Antisocial behaviour legislation in Scotland becoming friend or
foe to disabled people could go either way, Capability Scotland has
warned, writes Natalie Valios at Community Care Live in
Michelle Hegarty, director of communication at the disability
organisation, voiced concern that the definition of antisocial
behaviour could discriminate against people with disabilities. Some
may display challenging behaviour that others might view as
antisocial, such as autism or Tourette’s, and this could lead to
disabled children and adults being made the subject of antisocial
behaviour orders inappropriately.
Another worrying side to the antisocial agenda, said Hegarty, is
the guidance on noise management. This is a big problem for many
parents with disabled children who cannot control their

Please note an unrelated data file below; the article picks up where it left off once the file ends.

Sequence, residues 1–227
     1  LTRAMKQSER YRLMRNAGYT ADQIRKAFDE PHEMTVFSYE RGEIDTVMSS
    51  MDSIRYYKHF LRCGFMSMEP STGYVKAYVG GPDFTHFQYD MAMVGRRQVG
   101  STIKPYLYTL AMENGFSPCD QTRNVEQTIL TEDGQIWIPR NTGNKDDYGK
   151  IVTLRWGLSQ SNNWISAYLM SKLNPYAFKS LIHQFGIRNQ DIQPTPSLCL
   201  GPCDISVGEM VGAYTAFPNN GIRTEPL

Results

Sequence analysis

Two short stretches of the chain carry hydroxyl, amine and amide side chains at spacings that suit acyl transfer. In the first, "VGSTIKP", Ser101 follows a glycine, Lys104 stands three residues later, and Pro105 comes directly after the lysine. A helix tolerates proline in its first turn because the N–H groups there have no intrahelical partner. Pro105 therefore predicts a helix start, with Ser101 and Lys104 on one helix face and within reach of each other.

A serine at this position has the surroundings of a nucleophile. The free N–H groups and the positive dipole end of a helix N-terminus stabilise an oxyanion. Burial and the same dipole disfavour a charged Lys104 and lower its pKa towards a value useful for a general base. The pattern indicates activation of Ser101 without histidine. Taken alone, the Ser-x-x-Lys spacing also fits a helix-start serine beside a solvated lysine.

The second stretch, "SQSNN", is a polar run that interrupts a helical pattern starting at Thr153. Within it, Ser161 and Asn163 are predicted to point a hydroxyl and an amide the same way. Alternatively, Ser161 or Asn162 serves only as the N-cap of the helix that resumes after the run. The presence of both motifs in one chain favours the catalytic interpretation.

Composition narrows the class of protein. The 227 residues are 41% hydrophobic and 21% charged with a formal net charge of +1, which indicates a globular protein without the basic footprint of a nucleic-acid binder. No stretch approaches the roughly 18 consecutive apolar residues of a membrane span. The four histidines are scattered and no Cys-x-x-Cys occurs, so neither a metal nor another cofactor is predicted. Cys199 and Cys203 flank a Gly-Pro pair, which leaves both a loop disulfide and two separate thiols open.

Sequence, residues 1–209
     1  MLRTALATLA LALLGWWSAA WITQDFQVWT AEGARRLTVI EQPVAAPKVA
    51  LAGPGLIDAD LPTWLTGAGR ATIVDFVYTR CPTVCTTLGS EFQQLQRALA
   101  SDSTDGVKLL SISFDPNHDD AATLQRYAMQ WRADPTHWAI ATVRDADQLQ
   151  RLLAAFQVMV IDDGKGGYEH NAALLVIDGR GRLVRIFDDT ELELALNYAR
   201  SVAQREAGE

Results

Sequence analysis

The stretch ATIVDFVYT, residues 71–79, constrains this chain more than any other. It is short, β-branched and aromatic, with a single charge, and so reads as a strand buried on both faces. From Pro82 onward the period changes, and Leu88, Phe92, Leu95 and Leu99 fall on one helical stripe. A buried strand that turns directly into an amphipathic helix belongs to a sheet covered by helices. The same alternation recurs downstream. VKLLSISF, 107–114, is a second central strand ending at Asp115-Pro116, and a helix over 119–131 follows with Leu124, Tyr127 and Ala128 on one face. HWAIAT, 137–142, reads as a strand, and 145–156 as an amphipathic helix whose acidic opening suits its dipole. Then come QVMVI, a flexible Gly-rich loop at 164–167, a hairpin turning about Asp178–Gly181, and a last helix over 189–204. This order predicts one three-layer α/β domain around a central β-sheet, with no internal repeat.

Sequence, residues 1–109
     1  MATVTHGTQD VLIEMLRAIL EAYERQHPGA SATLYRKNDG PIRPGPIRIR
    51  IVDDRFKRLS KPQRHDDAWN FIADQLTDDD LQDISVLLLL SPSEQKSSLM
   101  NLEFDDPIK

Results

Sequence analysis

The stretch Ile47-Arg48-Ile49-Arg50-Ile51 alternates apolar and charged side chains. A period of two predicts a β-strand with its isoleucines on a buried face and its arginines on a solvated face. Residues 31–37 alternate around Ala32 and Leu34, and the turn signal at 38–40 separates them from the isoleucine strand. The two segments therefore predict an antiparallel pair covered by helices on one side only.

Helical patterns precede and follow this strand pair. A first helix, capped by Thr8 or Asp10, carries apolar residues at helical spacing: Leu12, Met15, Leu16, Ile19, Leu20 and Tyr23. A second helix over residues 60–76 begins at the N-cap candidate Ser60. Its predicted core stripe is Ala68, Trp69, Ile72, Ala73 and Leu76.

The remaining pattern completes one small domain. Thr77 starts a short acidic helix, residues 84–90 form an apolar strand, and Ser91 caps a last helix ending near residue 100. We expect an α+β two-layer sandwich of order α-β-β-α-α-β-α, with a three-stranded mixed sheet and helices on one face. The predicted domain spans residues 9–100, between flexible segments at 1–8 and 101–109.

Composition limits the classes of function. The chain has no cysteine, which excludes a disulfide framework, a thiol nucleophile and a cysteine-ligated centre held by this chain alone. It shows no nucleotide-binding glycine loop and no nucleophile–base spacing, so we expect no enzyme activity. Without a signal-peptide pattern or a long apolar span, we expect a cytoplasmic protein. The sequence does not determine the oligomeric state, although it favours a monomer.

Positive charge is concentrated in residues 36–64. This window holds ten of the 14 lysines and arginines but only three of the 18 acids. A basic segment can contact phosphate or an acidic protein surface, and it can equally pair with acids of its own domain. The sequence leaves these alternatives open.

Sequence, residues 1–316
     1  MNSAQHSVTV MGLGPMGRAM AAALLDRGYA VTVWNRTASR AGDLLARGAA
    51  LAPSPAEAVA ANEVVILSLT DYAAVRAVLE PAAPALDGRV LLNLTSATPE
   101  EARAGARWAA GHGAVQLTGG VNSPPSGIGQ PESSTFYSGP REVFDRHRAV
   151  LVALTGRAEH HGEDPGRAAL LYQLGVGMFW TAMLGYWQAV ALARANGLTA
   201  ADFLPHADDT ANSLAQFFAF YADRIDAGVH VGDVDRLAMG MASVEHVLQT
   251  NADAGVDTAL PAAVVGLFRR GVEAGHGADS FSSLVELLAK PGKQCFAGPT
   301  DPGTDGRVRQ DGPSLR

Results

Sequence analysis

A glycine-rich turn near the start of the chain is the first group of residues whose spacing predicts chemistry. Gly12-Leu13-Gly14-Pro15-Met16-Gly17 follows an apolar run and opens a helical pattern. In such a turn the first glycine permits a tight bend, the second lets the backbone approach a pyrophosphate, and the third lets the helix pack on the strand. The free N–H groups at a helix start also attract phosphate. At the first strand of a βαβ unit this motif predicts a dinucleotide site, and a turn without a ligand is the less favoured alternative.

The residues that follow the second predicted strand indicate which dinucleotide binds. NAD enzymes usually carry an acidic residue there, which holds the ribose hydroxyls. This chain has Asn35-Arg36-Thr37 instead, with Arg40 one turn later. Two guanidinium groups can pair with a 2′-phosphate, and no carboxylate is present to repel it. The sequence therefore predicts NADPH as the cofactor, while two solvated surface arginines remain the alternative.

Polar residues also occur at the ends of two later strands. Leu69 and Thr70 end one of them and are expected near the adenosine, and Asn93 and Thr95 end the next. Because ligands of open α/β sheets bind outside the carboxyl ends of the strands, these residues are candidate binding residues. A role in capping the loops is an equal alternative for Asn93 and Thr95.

child¡¦s noise levels because of their disability, as it
is often viewed by neighbours as unreasonable noise. But giving
them a warning notice and a fixed penalty won’t work, she
When the noise is beyond their control it would be better to
change the physical environment where they are living, such as
having noise insulation, she said. The guidance doesn’t recognise
behaviour that is intended antisocial behaviour and that which is
Hegarty flagged up a recent report from the Scottish
Executive¡¦s Hate Crime Working Group which revealed that
47 per cent of disabled people who were consulted had experienced
hate crime because of their disability; 73 per cent had experienced
verbal abuse or intimidation; and one in four had moved home
because of attacks.
Often those experiencing hate crime experience antisocial
behaviour, she said.
But there is no general offence of harassment in Scotland, and
police aren’t using common law to deal with harassment, she said.
This means that for now antisocial behaviour legislation may be the
best hope. It may fill a gap in protecting disabled people but
police need to be trained in how to use it. But the route cause